Monday, October 06, 2008

Poverty and Education

In Iowa, the conversation of the link between poverty and education is a public one. In CT, we still insist on that the political red herring of No Child Left Behind (NCLB) has veracity.

While we genuflect to the fraudulent science of NCLB, real children continue to suffer and public education remains in the dark ages of high-stress testing and get-tough political rhetoric.

Maybe we can learn from Iowa some self-evident truths. From Best reform in education? End poverty by Richard Doak:
You can't concentrate in school if you hurt. Or if you're hungry. Or abused. Or worried about your parents being evicted. Or if your parents are druggies who take the Ritalin that was prescribed for you. Or if your older sister entertains gentlemen callers in the next room all night. Or if your mom has a new live-in boyfriend every few months. Or if your job-losing parents keep moving you from school to school with long truancies in between. Or if you don't know where you'll be sleeping tonight because your dad's in prison and you get shuffled from one relative to another, and no one really wants you.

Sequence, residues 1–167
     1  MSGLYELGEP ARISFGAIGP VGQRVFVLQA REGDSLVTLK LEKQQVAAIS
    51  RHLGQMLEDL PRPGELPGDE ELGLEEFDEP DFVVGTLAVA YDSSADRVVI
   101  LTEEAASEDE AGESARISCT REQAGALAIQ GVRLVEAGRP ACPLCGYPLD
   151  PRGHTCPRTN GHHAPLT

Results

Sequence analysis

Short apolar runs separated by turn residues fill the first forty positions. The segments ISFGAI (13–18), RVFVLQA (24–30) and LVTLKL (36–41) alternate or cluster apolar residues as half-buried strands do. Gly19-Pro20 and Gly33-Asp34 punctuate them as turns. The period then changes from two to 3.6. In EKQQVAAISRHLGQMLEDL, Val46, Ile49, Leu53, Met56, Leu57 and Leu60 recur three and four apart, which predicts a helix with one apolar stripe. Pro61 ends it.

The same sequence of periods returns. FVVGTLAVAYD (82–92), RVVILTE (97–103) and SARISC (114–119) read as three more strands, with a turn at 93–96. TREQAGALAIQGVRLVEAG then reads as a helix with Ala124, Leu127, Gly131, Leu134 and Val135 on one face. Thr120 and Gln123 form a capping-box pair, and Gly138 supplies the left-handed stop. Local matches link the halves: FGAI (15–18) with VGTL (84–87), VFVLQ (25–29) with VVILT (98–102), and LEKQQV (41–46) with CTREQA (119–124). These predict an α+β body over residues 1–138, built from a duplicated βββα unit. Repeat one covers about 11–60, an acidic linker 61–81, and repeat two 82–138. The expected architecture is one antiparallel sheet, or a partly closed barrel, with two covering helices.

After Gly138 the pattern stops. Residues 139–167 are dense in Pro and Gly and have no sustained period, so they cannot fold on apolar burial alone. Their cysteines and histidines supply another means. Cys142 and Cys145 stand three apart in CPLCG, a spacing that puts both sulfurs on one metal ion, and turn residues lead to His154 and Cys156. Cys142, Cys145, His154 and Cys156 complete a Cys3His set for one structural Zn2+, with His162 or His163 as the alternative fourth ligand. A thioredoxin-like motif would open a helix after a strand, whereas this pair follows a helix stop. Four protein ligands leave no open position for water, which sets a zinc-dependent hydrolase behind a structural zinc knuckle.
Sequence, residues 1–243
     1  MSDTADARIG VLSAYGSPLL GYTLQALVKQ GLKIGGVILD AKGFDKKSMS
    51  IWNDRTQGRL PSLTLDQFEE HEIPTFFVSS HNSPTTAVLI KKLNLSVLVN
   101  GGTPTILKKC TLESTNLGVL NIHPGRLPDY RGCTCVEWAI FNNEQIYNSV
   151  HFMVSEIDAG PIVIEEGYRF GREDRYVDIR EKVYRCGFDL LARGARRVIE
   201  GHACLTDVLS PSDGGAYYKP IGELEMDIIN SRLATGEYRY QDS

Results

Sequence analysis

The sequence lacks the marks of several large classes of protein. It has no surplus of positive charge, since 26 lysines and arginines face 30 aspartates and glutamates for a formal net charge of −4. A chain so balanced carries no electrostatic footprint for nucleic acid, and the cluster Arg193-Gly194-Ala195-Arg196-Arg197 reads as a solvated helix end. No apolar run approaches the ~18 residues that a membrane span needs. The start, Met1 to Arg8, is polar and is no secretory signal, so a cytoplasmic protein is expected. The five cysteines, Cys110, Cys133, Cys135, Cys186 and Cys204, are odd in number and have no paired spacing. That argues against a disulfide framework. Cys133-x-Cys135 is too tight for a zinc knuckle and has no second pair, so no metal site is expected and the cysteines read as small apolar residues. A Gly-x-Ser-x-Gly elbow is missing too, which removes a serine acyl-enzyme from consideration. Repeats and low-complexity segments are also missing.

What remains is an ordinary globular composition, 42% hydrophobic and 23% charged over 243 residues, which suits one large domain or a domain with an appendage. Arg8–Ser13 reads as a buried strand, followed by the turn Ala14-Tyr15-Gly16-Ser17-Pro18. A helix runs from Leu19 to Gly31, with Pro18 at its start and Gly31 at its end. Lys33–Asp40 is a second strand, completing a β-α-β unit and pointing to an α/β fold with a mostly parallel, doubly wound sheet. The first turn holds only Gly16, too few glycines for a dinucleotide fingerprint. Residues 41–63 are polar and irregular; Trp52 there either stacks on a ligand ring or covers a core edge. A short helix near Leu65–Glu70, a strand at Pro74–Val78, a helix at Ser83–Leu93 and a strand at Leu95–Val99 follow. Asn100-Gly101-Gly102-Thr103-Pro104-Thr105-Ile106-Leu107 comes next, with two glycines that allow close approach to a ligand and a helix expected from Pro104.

Any teacher in Iowa can tell stories that both tug at the heart and stir anger. Such stories are probably more common, in large and small schools alike, than Iowans would like to believe.

What's remarkable is not that the stories are commonplace - anyone who knows a teacher has heard them - but that they are heard so little in the public discussion about education.

As another school year is set to begin, the focus is once again not on the kids themselves. It's all about test scores, teacher quality and education standards. This year features a national advertising campaign from Strong American Schools, partly financed by the Bill and Melinda Gates Foundation.

The campaign notes that schools in most other industrial countries outperform American schools. It advocates higher standards, more time in school and better teachers. The Register's editorial page has been urging higher, uniform standards for Iowa, too.

All well and good, but once again the discussion studiously avoids the elephant in the room.

Student achievement in this country is never going to significantly improve until attention is directed to the root causes of low achievement: failing families in a low-wage economy.

Sure, teaching can get better and schools can adapt their methods to help low achievers. Individually, caring teachers do what they can to overcome poor parenting, but they have the children only a few hours a day. The larger influence is at home.

If fundamental improvement is going to occur, it must happen primarily outside the classroom.

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